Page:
California’s economic engine will continue to hum in the coming years, allowing the state to ring up a series of multibillion-dollar budget surpluses and build rainy-day reserves, the Legislature’s nonpartisan fiscal analyst projected Wednesday.
The upbeat assessment of state finances by the Legislative Analyst’s Office moves the state further beyond the up-and-down budgets of the 1990s and 2000s and the deep recession-era shortfalls of several years ago. The projections, though, could complicate efforts by multiple trade organizations, unions and other interests to qualify November 2016 ballot measures that impose billions of dollars in new taxes.
Doctors and the largest health care workers union have been cleared to collect signatures to qualify a measure to raise tobacco taxes. Two other proposals would continue versions of the Proposition 30 income tax increases passed three years ago to pay for school and health care programs. And various nonprofits have started circulating petitions to qualify a measure imposing a tax surcharge on multimillion-dollar properties to pay for anti-poverty efforts.
Bill Carrick, a consultant working with the nonprofit coalition, said the estimated 2 million children living in poverty in California show the need for more money. He did not think the improved state budget numbers would have an effect on the proposal, which would raise an estimated $7.7 billion.
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“We need to focus directly on poverty itself, and bring to bear resources on that, and turn away a deteriorating reality for too many California families,” Carrick said.
At the Capitol, the higher revenue projections could complicate efforts by legislative Democrats and Gov. Jerry Brown to get necessary Republican votes for a revised tax on health plans to help pay for Medi-Cal. The tax is the focus of a legislative special session on health care.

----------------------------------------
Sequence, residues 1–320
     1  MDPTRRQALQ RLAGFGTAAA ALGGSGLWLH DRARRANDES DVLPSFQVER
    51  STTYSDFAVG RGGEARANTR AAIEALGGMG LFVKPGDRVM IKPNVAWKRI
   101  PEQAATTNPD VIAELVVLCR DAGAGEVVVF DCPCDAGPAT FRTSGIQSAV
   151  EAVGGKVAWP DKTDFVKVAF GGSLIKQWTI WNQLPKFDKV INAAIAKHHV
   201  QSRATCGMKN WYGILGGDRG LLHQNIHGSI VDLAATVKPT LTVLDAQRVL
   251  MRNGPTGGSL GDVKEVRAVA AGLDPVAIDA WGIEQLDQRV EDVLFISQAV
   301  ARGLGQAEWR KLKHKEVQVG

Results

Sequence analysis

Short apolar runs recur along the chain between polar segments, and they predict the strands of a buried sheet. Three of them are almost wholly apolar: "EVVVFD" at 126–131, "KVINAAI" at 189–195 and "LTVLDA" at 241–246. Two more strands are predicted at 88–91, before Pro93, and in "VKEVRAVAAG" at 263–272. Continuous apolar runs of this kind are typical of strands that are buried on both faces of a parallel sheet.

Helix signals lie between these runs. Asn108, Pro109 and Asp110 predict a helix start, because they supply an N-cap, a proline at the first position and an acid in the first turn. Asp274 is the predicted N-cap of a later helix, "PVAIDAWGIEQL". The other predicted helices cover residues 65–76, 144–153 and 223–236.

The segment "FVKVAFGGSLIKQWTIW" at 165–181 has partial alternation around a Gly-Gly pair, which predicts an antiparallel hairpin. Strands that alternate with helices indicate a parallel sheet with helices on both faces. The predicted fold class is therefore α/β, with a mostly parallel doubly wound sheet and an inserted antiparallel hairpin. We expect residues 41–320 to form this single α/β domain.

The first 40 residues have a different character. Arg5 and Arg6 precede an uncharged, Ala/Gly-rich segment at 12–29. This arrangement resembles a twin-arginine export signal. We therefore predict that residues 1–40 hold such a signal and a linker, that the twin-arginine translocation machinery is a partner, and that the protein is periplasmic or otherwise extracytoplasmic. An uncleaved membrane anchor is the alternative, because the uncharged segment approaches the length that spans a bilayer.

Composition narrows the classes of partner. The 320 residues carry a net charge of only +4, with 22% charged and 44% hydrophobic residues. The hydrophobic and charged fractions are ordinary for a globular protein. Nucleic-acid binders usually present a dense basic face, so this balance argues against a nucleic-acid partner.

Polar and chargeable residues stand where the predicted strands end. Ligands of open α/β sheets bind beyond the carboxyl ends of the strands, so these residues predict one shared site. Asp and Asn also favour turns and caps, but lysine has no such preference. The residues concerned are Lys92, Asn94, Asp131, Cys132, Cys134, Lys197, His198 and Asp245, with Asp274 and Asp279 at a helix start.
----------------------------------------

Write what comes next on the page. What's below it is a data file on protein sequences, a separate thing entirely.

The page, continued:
“Even in the absence of Proposition 30 taxes, this strong revenue growth shows that it won’t be necessary to impose new taxes on California families,” Senate GOP Leader Jean Fuller, R-Bakersfield, said in a statement.
$113.3 billion 2015-16 income, sales and corporation tax revenue estimated in June budget
$116.8 billion 2015-16 income, sales, and corporation tax revenue estimated in Wednesday’s LAO fiscal outlook
The November fiscal outlook, an early milestone in the annual budget process, reflects the analyst’s best guess of the state’s finances over several years. Wednesday’s report notes that the nation’s post-recession economic expansion, already the fifth longest in history, could stall by the end of the decade.
Under a scenario deemed most likely, though, the state would end the next several fiscal years with anywhere from $3.2 billion to $18.2 billion left over. And when the economy does flatten, lawmakers will be able to tap billions of dollars that have been socked away into a voter-approved rainy-day reserve that would help offset any spending cuts, even during a recession.
The state budget “is better prepared for an economic downturn than it has been at any point in decades,” Wednesday’s report said.